How to Use the Mirroring Technique in Pharma Job Interviews
SummaryMirroring is an interview technique that can be used by candidates to reflect the behaviours of your interviewer, aiming to build rapport with them. By building a relationship of trust and mutual understanding, you’ll be able to communicate more naturally and confidently with your interviewer and will make them feel as if you’re on the same page. In this article, we discuss what mirroring looks like in practice, and when you should and shouldn’t use this technique.
- Author Company: PharmiWeb
- Author Name: Lucy Walters
- Author Email: Lucy.Walters@pharmiweb.com
- Author Website: https://www.pharmiweb.jobs/
Mirroring is an interview technique that can be used by candidates to reflect the behaviours of your interviewer, aiming to build rapport with them. By building a relationship of trust and mutual understanding, you’ll be able to communicate more naturally and confidently with your interviewer and will make them feel as if you’re on the same page.
Building rapport is an essential part of job interviews as you aren’t only being assessed on your skills and experiences, but also on who you are as a person, and how well you’d fit in with the company culture. Whilst it’s important to prepare for the questions that an interviewer might ask you, it’s also important to think about how you’re going to establish a positive relationship with them, and how you’re going to convey your personality.
In this article, we discuss what mirroring looks like in practice, and when you should and shouldn’t use this technique in your next pharma job interview.
What Does Mirroring Look Like in Practice?
We use mirroring subconsciously all the time with friends and family. The reason we’re able to do it subconsciously is that in these situations, we’re communicating with people we’re familiar with, so mirroring becomes a natural part of the interaction. With job interviews often being nerve-wracking and unfamiliar situations for candidates, it’s not something you’re able to do as naturally, so in these scenarios, mirroring requires some conscious thought.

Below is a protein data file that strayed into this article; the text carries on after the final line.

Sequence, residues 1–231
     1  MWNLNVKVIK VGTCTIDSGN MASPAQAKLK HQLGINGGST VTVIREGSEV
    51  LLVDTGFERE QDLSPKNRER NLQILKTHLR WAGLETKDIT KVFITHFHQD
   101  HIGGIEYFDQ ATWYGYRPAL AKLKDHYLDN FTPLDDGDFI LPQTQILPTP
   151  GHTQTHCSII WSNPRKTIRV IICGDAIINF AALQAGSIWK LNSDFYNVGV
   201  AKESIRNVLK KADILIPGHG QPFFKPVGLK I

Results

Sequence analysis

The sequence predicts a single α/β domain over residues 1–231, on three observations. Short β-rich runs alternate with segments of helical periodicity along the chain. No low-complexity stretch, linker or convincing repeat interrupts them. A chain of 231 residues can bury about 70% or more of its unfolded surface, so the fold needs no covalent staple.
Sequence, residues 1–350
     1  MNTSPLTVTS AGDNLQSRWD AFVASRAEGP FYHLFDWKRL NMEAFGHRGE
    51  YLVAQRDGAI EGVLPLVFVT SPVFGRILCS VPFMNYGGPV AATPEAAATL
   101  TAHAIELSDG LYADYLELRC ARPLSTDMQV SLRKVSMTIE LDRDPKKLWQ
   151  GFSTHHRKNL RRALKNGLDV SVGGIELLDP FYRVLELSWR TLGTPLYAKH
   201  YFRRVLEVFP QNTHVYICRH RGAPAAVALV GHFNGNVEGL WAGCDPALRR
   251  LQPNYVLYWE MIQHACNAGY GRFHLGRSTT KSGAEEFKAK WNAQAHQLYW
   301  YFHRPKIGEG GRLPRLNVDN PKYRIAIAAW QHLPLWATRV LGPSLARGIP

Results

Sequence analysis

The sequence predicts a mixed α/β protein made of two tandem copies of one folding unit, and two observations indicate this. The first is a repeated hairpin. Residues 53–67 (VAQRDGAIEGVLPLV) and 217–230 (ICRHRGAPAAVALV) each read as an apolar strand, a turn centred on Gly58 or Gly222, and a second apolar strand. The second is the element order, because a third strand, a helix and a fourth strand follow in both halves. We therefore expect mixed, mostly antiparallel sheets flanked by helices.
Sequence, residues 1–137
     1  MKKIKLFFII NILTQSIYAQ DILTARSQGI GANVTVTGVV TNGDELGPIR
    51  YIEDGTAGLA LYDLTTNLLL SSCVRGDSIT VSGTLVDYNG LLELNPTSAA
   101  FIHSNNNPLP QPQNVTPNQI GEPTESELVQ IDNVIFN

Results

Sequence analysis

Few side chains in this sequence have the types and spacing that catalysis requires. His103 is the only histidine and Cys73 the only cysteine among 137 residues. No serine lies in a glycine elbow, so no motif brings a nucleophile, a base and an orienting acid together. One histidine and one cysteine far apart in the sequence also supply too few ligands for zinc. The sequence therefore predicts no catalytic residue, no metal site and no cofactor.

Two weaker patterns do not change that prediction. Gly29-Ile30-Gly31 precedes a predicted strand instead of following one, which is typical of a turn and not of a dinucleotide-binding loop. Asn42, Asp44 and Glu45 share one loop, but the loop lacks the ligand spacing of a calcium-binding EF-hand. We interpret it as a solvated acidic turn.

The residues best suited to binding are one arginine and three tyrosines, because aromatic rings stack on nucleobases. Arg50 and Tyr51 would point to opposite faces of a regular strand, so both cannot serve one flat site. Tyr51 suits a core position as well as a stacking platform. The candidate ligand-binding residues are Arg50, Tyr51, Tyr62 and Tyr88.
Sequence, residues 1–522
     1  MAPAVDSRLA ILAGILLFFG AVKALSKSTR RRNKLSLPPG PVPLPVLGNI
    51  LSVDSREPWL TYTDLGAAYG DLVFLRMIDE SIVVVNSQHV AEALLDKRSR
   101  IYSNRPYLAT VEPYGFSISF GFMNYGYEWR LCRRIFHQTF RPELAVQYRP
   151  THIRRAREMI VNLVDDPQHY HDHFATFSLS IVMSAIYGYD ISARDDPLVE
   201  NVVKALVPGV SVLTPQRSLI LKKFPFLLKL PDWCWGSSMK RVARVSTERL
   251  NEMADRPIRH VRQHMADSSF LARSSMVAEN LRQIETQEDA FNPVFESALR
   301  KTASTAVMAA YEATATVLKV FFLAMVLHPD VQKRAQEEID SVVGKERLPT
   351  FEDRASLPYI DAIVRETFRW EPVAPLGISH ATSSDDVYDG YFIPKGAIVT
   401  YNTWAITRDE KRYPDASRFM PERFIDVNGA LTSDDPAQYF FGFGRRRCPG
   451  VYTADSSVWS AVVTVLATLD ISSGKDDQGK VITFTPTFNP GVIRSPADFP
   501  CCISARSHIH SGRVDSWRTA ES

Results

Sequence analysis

To help build a more natural and open connection with your interviewer, pay attention to the following things, and try to subtly reflect – rather than mimic – them in your next pharma job interview:
If your interviewer sits up straight and doesn’t seem to change their posture often, be wary of moving around too much and try to maintain a similarly formal posture, without being too stiff. If they do relax during the interview, instead of copying this straight away, leave it a few minutes before you relax too.
Listen to how fast or slow your interviewer talks and try to match their pace. You shouldn’t try to copy them exactly, especially if they use a pace that you aren’t used to, but do take note of their pace and what it could mean. If they speak quickly, this could be an indicator that they’re in a rush to finish the interview, so you may want to be more concise and to the point in your answers.
Pay attention to how your interviewer asks their questions. If they speak softly, be wary of speaking too loudly as this may come across as being intimidating.
Listen to the types of language your interviewer uses, and try to match this where you can. This technique is known as Linguistic Style Matching and can help build rapport with your interviewer by creating a stronger common ground. It will also help to make the conversation flow more cohesively.
If you notice that your interviewer is using more conversational or emotive language rather than formal, informative language and corporate jargon, matching this will make the conversation between you run smoother, as you’ll both be on the same page.
Look out for specific gestures your interviewer uses when they speak. Maybe your interviewer tilts their head whilst they think, or maybe they use a specific hand gesture whilst they talk. Mirror these behaviours where you can, being careful not to overdo them.
When Should I Use Mirroring?
You don’t need to mirror every single one of your interviewer’s behaviours, nor should you do it every time you speak. Overusing the technique can come across as mocking to your interviewer, and this won’t help you build rapport with them. Also make sure to only mirror their positive dispositions, and to focus on displaying your own positive behaviours to encourage your interviewer to mirror you too.
It’s a good idea to only try out the technique once you’ve settled into the interview, and once you feel comfortable in the situation. You shouldn’t let it distract you from what the interviewer is saying, so only focus on mirroring once you’re sure that it won’t get in the way of your verbal answers.
Practice Before Your Interview
Don’t try out the mirroring technique for the first time in your interview. Take your time practising with friends to make sure your interactions are as natural as they can be before you take this technique to your next pharma job interview.
Use it Wisely…
When done well, mirroring can really help you to build up trust with your interviewer and make them feel that you’d complement the company culture. Remember to be an echo of their body language rather than a direct copycat, and to appear as natural as possible throughout your interview.